Daily market review

United States

News of the first confirmed Omicron case in the US knocked equity indexes down Wednesday after a risk-on rebound lifted value/cyclicals through the morning. The Dow Jones industrial average dropped 1.3 percent, the S&P 500 lost 1.2 percent and the NASDAQ fell 1.8 percent.

Airline stocks reversed their morning gains to lead the market lower in the afternoon, with American Airlines down 8.0 percent after being up about 3 percent earlier. Airlines and other reopening stocks were among the day's best performers early in the day on bargain hunting following Tuesday's losses on virus fears.

A range of value/cyclical sectors that rose through the morning faltered and ended lower, including energy, materials, and financials. Financials tracked higher yields through midday but they fell back with much of the market on news that the US Centers for Disease Control had identified a first US Omicron case in California. The patient, who returned from South Africa on Nov. 22, was fully vaccinated, and suffered mild symptoms.

Autos held up relatively well, paced by Ford, up 2.0 percent, on positive analyst commentary on its electric car progress. Communications services and consumer discretionary stocks lagged. Technology lagged too, with Salesforce, the software company, off 12 percent after downgrading is guidance.

These price data reflect observations at 4:00 PM US ET: Dated Brent spot crude oil dropped US$1.87 to US$68.70 while spot gold rose US$5.25 to US$1,778.08. The US dollar was mixed vs. major currencies. Yields on the US Treasury 30-year bond fell 4 basis points to 1.76 percent, and the 10-year note fell 3 basis points to 1.41 percent.


A rebound in value/cyclical stocks lifted equities as concerns over the omicron variant were seen as overdone. The Europe-wide STOXX 600 rose 1.7 percent, the French CAC gained 2.4 percent, the German DAX rose 2.5 percent, and the UK FTSE 100 was up 1.6 percent.

A recovery in oil and commodities prices lifted energy and miners, along with beaten-down travel & leisure, autos, industrials, retailer, banks, plus technology. Airlines were among the day's best performers, with RyanAir up 4.5 percent, after its steep decline over the last week. Lagging but still higher were food & beverage, real estate, health care, and utilities.

Among stocks in focus, Drax, the electricity generator, jumped 9.3 percent after raising its guidance. Husqvarna, the outdoor tool maker, rose 5.4 percent on better guidance on the stay-at-home trend. Sanofi, the big pharma, rose 2.4 percent on upbeat guidance linked to its vaccine business.

Asia Pacific

Equities recovered on bargain-hunting after steep losses Tuesday, with value/cyclicals leading the rebound on perceptions they were especially oversold.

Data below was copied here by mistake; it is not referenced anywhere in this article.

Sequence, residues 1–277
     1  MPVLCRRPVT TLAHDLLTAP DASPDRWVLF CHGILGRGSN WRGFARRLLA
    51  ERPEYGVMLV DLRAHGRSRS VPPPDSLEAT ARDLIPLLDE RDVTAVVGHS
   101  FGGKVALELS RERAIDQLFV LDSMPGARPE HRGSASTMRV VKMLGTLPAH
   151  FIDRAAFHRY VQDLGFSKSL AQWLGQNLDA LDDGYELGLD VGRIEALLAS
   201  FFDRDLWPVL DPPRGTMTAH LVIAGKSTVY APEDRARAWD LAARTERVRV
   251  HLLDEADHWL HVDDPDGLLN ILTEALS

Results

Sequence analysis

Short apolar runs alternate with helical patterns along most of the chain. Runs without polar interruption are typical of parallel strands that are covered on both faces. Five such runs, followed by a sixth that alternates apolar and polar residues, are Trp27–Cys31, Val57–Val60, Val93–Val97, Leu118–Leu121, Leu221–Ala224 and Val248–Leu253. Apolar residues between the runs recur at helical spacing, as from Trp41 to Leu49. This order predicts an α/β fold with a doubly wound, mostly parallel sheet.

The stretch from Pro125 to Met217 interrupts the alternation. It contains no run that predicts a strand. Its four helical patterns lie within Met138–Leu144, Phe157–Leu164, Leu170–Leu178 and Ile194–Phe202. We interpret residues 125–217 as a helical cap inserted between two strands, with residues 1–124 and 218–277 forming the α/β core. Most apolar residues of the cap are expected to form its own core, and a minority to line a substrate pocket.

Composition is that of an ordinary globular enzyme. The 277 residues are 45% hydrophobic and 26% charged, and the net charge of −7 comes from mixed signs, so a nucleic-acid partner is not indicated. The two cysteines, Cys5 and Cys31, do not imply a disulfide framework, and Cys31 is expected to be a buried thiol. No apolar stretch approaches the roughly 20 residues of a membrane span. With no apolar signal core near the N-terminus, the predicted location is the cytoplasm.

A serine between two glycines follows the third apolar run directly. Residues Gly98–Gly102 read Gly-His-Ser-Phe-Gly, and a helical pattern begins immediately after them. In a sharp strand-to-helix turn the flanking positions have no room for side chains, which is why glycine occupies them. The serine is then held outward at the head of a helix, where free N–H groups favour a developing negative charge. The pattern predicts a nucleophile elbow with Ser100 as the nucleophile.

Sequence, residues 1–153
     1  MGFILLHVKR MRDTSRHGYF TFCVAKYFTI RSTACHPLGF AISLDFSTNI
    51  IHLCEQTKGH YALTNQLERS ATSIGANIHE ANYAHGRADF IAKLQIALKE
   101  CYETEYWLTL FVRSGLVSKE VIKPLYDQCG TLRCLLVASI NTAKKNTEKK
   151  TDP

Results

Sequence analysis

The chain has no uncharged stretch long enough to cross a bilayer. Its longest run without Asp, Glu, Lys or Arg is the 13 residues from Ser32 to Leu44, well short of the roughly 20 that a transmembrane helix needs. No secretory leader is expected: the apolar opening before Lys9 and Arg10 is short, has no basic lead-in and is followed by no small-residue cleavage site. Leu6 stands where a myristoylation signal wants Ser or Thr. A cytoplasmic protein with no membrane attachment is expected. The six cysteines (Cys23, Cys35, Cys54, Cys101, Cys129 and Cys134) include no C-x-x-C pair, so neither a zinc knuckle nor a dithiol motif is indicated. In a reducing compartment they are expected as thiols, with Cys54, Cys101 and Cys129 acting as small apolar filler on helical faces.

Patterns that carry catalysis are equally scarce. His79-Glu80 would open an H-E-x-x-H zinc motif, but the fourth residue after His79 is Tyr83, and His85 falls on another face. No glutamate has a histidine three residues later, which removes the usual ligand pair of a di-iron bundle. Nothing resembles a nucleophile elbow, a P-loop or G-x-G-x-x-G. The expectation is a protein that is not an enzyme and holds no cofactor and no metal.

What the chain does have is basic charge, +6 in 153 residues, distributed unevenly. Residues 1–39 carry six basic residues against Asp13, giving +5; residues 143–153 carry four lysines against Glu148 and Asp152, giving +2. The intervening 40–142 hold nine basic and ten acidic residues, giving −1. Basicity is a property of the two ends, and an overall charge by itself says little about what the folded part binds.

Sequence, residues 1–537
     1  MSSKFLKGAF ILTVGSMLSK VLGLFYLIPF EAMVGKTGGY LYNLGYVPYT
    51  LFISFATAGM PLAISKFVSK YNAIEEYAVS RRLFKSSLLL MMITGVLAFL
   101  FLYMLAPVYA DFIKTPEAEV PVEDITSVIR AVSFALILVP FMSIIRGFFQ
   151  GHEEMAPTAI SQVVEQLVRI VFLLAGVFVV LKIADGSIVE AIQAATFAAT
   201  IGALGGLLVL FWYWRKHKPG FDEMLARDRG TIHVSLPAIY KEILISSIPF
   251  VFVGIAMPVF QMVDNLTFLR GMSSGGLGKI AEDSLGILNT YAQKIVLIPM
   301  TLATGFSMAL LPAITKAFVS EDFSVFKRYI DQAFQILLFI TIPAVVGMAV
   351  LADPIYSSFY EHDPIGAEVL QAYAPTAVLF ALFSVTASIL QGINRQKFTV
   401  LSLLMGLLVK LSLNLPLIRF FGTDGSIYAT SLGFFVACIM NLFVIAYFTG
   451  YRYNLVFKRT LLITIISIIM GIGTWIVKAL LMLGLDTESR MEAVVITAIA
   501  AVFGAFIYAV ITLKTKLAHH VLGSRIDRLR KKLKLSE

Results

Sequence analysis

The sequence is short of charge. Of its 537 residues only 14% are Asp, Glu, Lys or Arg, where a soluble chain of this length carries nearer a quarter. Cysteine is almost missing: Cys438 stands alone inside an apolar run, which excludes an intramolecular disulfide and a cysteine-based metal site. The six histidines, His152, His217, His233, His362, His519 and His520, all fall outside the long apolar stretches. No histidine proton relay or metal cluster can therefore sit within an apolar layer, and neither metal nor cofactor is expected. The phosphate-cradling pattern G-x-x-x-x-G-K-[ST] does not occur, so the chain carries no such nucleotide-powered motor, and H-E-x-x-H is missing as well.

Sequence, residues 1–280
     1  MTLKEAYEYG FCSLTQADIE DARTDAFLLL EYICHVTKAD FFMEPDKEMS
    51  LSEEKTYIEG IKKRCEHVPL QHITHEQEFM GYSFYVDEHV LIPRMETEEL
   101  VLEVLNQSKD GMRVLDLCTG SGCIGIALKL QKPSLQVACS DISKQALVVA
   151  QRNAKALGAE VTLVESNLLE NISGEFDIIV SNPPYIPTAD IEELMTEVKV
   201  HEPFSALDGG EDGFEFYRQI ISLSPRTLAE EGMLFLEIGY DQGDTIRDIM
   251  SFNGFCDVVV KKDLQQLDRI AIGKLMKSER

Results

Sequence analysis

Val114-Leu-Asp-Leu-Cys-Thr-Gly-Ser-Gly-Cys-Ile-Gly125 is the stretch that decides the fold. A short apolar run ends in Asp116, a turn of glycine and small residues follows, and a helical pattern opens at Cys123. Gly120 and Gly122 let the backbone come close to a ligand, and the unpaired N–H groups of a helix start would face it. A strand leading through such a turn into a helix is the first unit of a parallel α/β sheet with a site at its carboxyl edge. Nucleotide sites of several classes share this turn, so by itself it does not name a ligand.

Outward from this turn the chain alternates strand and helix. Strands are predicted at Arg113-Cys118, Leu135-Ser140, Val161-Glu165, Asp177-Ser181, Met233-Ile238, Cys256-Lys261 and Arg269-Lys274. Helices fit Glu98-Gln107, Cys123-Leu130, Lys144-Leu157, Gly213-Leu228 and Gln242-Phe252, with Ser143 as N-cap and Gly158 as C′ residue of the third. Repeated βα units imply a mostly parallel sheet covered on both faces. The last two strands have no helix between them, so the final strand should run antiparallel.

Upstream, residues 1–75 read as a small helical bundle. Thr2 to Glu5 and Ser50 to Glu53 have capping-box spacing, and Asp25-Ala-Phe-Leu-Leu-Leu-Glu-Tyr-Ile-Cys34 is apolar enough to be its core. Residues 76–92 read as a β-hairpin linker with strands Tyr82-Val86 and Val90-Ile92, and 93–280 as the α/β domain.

Dip-buying lifted mainland Chinese markets, with support from Chinese Premier Liu He's assurance that China would exceed its 6 percent growth target this year, despite Covid and other problems. China's CSI 300 index firmed 0.2 percent and the Shanghai composite index rose 0.4 percent. Gains were limited by a surprisingly weak PMI manufacturing reading showing business activity contracted in November.

Hong Kong equities improved on strength in financials and tech stocks, with the Hang Seng index up 0.8 percent. South Korea's KOSPI rallied 2.1 percent, with a boost from consumer discretionary stocks. Taiwan's Taiex gained 0.9 percent.

Japanese markets edged back up as risk appetite recovered. The Nikkei 225 and the Topix both rose 0.4 percent. Most sectors rose, led by marine shipping, machinery, autos, banks, and real estate. Pharma, tech, and communications services lagged.

Australia's All Ordinaries index declined 0.4 percent as markets tracked US markets lower after hawkish comments from Fed Chair Jerome Powell. Most sectors declined, with consumer staples and discretionary stocks lagging, along with real estate, utilities, and telecom. Materials held up relatively well on rising iron ore prices. Health care managed gains.

In economic news, the Markit China manufacturing PMI fell from 50.6 in October to 49.9 in November, well below expected. The official CFLP manufacturing PMI survey, published earlier, showed that conditions were stagnant, with its headline index increasing from 49.2 in October to 50.1 in November. Separately, Australia's GDP contracted 1.9 percent on the quarter in the three months to September, weakening from an increase of 0.7 percent in the three months to June but stronger than the consensus forecast for a decline of 2.9 percent.

Looking ahead*

In Asia/Pacific, the following reports are due: South Korean CPI, South Korean GDP, and Australian goods & services trade. In Europe, Swiss retail sales, Eurozone PPI, and Eurozone unemployment. rate reports are due. In North America, US jobless claims and US motor vehicle sales reports are on tap.

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